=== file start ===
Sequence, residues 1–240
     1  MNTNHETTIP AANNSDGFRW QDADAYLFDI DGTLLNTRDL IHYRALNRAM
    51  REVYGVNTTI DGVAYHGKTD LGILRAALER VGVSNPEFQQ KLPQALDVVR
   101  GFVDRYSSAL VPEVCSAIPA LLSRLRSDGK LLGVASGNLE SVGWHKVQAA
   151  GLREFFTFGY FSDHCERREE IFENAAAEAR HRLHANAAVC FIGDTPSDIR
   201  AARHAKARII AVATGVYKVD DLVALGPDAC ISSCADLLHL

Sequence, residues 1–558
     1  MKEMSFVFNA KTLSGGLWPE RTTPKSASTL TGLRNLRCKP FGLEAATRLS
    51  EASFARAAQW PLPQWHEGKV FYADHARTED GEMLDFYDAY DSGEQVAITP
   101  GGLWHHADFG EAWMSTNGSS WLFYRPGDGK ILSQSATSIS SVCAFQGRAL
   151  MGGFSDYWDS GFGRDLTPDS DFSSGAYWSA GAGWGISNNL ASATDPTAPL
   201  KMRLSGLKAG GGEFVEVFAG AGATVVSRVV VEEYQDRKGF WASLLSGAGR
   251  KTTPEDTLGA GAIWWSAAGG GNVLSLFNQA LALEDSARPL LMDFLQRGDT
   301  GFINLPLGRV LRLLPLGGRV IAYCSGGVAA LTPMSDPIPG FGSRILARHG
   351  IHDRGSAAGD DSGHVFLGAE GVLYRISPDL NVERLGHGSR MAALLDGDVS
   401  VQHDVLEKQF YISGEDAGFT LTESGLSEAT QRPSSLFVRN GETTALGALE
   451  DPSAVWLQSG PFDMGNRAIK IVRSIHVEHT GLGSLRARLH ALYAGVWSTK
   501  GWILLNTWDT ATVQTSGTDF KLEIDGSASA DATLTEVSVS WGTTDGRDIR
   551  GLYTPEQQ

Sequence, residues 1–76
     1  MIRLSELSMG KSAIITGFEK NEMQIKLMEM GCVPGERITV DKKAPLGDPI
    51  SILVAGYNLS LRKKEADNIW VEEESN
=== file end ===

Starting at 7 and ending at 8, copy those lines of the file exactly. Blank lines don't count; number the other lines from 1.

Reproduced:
Sequence, residues 1–558
     1  MKEMSFVFNA KTLSGGLWPE RTTPKSASTL TGLRNLRCKP FGLEAATRLS